In an excellent article in REASON in February 1982, "Should We Spill Blood over Oil?" Laurence Beilenson and Kevin Lynch note that we get less than 25 percent of our oil imports from the Gulf. This is less than 8 percent of our total energy consumption and is shrinking rapidly. We could, without losing one life and at low cost, increase our general national security by increasing our oil stockpile to a year's supply. We could also shift our oil purchases entirely to Mexico, Nigeria, and many other nations that would eagerly sell us enough oil under long-term contracts to offset all our Persian Gulf imports. OPEC needs us; we do not need them.

Europeans get roughly 50 percent of their total oil from the Gulf. They could develop their vast gas reserves in the North Sea to offset this, but they refuse to do so. They too could stockpile enough oil but refuse to do so. They are developing gas lines from the USSR to offset their Gulf imports, and they furiously reject our American opposition to that move. Not a single European nation has considered it worthwhile to support the Carter-Reagan Doctrine.

On the debits side, the arguments against the doctrine are overwhelming. The Soviets have coveted the region and its warm-water ports for centuries. They occupied the northern part of Iran during the Second World War and left only under stern pressure from the new regime of Mohammad Reza Pahlavi, the late shah of Iran. They have now invaded Afghanistan.

The Soviet Union has very powerful forces within a few hundred miles of the Gulf. The Economist recently reported that intelligence estimates show that the USSR has up to 24 divisions poised on the northern border of Iran. It has also concentrated forces in southern Afghanistan, possibly preparing for rapid deployment of its huge Military Air Transport command (with 1,700 fixed-wing aircraft and 2,000 helicopters in 1981) in a pincers movement in the Gulf region.

With the exception of four carrier task forces, our forces are thousands of miles away and most are committed to defending more vital interests, like Europe. Few Americans would choose to start a nuclear war to defend OPEC nations that have sternly refused to let us base conventional forces in their nations.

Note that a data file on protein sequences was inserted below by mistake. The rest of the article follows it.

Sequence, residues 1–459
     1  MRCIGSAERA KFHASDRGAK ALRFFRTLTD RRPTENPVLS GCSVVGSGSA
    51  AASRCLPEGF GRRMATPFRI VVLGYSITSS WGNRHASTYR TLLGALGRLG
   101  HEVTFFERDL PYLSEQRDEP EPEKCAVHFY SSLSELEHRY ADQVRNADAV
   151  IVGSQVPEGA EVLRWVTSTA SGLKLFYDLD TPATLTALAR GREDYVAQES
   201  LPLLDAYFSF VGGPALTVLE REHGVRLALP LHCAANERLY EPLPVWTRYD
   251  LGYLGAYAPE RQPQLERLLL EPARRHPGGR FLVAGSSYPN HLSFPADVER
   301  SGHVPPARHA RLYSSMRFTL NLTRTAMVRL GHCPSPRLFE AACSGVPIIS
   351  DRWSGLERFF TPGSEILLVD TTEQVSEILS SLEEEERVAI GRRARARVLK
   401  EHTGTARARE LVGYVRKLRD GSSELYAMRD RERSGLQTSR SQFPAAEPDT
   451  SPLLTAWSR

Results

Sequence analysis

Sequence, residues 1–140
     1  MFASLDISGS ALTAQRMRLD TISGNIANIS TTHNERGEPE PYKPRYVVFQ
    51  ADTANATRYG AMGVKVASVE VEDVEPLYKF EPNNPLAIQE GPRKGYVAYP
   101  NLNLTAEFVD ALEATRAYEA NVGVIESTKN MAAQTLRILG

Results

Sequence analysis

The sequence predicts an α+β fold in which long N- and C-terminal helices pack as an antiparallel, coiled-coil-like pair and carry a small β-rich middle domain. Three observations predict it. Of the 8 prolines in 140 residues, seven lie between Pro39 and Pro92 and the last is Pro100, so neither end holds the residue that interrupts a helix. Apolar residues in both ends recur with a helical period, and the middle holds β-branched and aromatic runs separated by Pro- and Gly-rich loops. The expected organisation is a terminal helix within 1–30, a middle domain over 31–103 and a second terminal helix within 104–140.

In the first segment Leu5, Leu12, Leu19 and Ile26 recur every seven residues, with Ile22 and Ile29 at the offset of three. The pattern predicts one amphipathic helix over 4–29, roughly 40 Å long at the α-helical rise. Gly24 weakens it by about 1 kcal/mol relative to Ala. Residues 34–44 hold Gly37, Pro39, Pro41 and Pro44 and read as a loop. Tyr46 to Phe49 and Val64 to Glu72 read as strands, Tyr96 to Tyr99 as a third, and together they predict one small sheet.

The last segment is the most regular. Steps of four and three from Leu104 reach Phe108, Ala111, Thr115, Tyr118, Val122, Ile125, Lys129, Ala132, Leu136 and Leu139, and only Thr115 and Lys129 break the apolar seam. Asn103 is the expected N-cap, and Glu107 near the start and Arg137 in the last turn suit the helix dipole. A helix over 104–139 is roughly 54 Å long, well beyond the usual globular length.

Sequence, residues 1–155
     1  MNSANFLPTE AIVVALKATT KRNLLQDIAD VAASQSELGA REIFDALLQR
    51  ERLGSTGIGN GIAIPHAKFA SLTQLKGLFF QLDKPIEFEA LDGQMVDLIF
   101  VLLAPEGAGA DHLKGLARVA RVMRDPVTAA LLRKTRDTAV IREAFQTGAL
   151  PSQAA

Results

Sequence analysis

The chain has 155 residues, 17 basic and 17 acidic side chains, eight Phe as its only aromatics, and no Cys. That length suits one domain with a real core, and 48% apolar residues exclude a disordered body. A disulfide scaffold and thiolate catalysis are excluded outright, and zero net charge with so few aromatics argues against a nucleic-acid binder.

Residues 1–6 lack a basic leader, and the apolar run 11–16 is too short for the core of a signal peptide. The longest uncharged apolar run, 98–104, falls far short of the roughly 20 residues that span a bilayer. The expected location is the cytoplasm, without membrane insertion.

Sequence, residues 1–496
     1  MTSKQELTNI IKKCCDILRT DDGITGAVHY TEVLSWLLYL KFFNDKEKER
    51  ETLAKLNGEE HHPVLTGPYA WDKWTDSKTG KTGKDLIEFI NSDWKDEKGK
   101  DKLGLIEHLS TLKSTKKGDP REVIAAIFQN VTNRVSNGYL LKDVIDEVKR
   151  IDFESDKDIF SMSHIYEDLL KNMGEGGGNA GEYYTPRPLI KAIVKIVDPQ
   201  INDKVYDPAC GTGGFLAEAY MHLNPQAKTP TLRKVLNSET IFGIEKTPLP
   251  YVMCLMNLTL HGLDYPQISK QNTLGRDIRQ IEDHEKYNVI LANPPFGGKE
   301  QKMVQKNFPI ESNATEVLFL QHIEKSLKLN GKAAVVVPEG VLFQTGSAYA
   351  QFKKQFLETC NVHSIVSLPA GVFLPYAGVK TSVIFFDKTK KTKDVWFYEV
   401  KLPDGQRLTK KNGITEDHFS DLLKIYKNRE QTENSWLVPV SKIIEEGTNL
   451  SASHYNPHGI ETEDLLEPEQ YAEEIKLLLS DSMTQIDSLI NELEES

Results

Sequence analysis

We do not know whether the Soviets will fight for the Gulf, though the risk is clear. Given the Iranian invasion of Iraq, the threat that the Holy War in Iran will spread to the Gulf is much greater. Do we have the forces on hand to stop such a war? Very likely, if we are willing to see many thousands of our sons killed and to spend hundreds of billions that we could spend on alternative energy supplies with no loss of life.

Besides, the Iranians today are in fact steadily increasing the supply of oil to the West. The OPEC Arabs of the Gulf are trying to decrease their supply to keep prices up. The Iranians are bitterly anti-Soviet and are systematically executing some pro-Soviet Iranian leftists and curtailing the operations of the Iranian Communist Tudeh party. A union of Gulf nations led by Iran might be immensely more effective as a bulwark against Soviet expansion and a supplier of more and cheaper oil to the West. Little wonder the Soviets are opposing the Iranian invasion of their ally, Iraq, with greatly increased arms shipments. A divided Gulf is far better for them than one powerful foe.

There is little chance the American public will support any enforcement of this doctrine. But there is a serious danger that our leaders, increasingly isolated in their bunkers of power on the Potomac and misled by general public support of rearmament, may make the same fatal miscalculations of the popular will that the Johnson administration did. In some future crisis situation, this could combine with their desire to save face by not reneging on their pledge to produce some rapid deployment of our forces in the Gulf. By the time public outrage was organized, we might already be faced with another Vietnam-style —or even a major war with the Soviets from which we could not back down.

The American people want rearmament to protect them and the country's vital interests, not the OPEC cartel. Our leaders must recognize the fact—"We Will Not Go!"—and exorcise the national nightmare threatened by the Carter-Reagan Doctrine and our almost secret military build-up in the region.

Jack Douglas teaches sociology at the University of California, San Diego.